In comparison, PWM systems do not rely on pressure to effect new flow rates. Instead, the duty cycle of the system affects nozzle throughput. Boom spray pressure stays constant throughout the duty cycle range, and as a result, so does spray quality and spray fan pattern angle. In practice, the lowest duty cycles increase droplet size, and reduce fan angle, somewhat. The operator also has the option of adjusting the spray pressure to get a desired droplet size, even “on the fly” and the PWM system will maintain the desired application rate.

A PWM system can therefore change travel speeds by about a factor of five (from 20 to 100 per cent DC). Duty cycles less than 20 per cent, although possible, are not recommended.

Note that the actual measured change in flow rate achieved by a PWM system is not directly related to duty cycle. The actual nozzle flow rate is greater than that predicted by a duty cycle calculation, especially for smaller nozzles.

Commercial PWM Systems

AIM Command
AIM Command

Capstan: Capstan Ag Systems was first to offer a PWM system, the Capstan Synchro. The Capstan product was later licensed to Case IH sprayers and named AIM Command. It was a factory option on Case sprayers from 1998 to 2016, manufactured by Capstan. The system featured a separate monitor, permitted PWM to range from 100 down to 15 per cent, and featured an alternating pulse in which every second nozzle pulses identically, and alternating nozzles work in a 180 degree offset. In other words, in a system operating at 50 per cent DC, when any given nozzle is on, adjacent nozzles are off. This results in a “blended pulse” that minimizes the likelihood of skips.

Sharpshooter Monitor

In recent years, Capstan has entered the retrofit marketplace and the technology has been installed on many brands of sprayers at the dealer level. The hardware is identical to Case products, with some minor differences in how the software interacts with the rate controller.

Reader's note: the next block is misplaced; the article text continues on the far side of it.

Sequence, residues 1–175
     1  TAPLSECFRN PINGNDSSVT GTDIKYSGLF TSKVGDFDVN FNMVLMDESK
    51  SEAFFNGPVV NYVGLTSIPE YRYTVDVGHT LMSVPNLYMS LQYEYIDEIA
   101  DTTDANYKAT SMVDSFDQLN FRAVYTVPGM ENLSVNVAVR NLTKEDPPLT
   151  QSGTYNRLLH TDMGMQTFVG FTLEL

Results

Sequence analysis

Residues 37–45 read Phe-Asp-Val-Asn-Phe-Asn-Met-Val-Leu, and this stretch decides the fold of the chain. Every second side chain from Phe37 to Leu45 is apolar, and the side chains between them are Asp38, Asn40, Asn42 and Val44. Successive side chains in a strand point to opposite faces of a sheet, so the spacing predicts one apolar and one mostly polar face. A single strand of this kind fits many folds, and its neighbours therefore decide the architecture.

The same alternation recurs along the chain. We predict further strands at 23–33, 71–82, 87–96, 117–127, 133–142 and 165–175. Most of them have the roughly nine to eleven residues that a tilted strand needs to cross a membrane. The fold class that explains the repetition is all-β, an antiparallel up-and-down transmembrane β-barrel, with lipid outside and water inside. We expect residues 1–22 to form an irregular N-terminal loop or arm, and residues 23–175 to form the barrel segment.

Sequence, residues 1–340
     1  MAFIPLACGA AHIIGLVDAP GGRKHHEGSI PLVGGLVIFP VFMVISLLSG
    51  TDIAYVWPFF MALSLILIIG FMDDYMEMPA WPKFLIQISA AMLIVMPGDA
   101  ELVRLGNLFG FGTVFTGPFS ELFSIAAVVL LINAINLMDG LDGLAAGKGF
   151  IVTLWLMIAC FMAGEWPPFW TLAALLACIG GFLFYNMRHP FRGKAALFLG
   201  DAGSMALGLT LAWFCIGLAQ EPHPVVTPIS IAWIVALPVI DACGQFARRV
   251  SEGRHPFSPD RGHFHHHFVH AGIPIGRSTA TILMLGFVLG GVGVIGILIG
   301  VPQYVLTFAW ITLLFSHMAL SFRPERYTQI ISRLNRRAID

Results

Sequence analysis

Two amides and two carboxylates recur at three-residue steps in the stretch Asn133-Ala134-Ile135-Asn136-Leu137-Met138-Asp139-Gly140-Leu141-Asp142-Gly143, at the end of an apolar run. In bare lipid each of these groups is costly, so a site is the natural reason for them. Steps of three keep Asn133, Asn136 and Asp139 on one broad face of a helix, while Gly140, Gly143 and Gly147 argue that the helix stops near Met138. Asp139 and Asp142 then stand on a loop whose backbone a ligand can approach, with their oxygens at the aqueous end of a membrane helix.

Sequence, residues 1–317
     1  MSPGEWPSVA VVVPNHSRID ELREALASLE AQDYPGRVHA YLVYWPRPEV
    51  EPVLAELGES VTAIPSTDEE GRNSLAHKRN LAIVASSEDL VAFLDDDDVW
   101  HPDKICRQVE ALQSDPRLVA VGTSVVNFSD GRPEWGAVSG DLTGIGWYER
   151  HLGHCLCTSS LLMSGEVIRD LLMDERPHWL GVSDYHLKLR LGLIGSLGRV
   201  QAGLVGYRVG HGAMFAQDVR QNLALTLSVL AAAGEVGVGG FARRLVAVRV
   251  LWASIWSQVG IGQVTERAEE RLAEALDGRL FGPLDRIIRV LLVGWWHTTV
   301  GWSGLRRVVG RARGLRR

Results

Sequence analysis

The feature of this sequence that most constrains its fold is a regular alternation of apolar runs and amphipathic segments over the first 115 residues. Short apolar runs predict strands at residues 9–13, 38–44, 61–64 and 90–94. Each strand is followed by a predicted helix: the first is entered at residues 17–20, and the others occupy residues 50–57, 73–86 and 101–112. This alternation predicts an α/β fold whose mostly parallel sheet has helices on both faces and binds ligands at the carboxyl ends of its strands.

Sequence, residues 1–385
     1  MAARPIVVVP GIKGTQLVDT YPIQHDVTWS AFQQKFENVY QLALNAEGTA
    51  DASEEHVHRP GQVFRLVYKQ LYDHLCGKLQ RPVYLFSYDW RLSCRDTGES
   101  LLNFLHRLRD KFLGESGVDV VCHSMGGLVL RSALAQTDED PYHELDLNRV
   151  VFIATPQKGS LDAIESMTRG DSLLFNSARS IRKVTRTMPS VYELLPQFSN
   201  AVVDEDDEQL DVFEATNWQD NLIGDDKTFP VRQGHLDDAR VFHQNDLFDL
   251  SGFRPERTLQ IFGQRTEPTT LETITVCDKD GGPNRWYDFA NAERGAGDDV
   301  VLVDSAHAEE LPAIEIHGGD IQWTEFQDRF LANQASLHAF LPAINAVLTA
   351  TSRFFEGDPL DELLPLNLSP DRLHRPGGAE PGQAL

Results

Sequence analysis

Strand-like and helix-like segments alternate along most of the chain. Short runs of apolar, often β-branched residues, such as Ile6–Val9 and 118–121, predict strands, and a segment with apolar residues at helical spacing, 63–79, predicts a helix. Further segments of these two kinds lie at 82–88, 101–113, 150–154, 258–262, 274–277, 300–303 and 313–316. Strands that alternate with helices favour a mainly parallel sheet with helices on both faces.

Since 2012, Case has offered an enhanced version called AIM Command Pro (Capstan calls their version Pinpoint). This system offers individual nozzle sectional control as well as turn compensation. In addition, the enhanced system offers individual nozzle diagnostics that provides operational details to the sprayer operator.

Raven Hawkeye

Raven: In 2014, Raven introduced a system called the Hawkeye. The system uses an ISOBUS approach that works with the Viper 4 monitor. The electric solenoids are similar to those on the Capstan systems. The basic system (Hawkeye) features turn-compensation, but not individual nozzle sectional control. Section resolution is determined by the limits of the monitor, for example, 16 sections on the Raven Viper 4. Hawkeye 2.0 HD, announced December 2015, allows for individual nozzle on-off control. Hawkeye will be available as a factory option on New Holland, Apache, and Case sprayers starting in 2017.

John Deere ExactApply nozzle

John Deere: John Deere announced their PWM version on August 29, 2016. Called ExactApply, the system features 30 Hz PWM, individual nozzle control, automatic and manual nozzle switching, turn compensation, programmable rates by nozzle, nozzle plug detection, and LED lighting. It is expected to be competitively priced compared to the other systems, and offers higher maximum flow rates through its solenoid (up to 50 US gpa at 15 mph).

Two nozzles can be sprayed simultaneously at each nozzle location, and one or the other, or both, can be selected from the cab to extend flow rate ranges or to select a different spray quality. Units are expected to be tested on sprayers in 2017, and become available as a factory option or a retrofit in 2018.


TeeJet: TeeJet has a system called the DynaJet Flex 7120 that uses either a monitor or Android tablet to display pressure, duty cycle, and droplet size. DynaJet is available to OEMs and to the aftermarket. The unique aspect of the TeeJet system is the ability to dynamically select different droplet sizes, and the system will maintain that droplet size across a wide range of speeds or application rates. The TeeJet system is compatible with any flow-based rate control system, and does not require a TeeJet spray control. The product is available from TeeJet dealers.

Next Issue: Pulse Width Modulation, Part 2: How to make PWM work for you.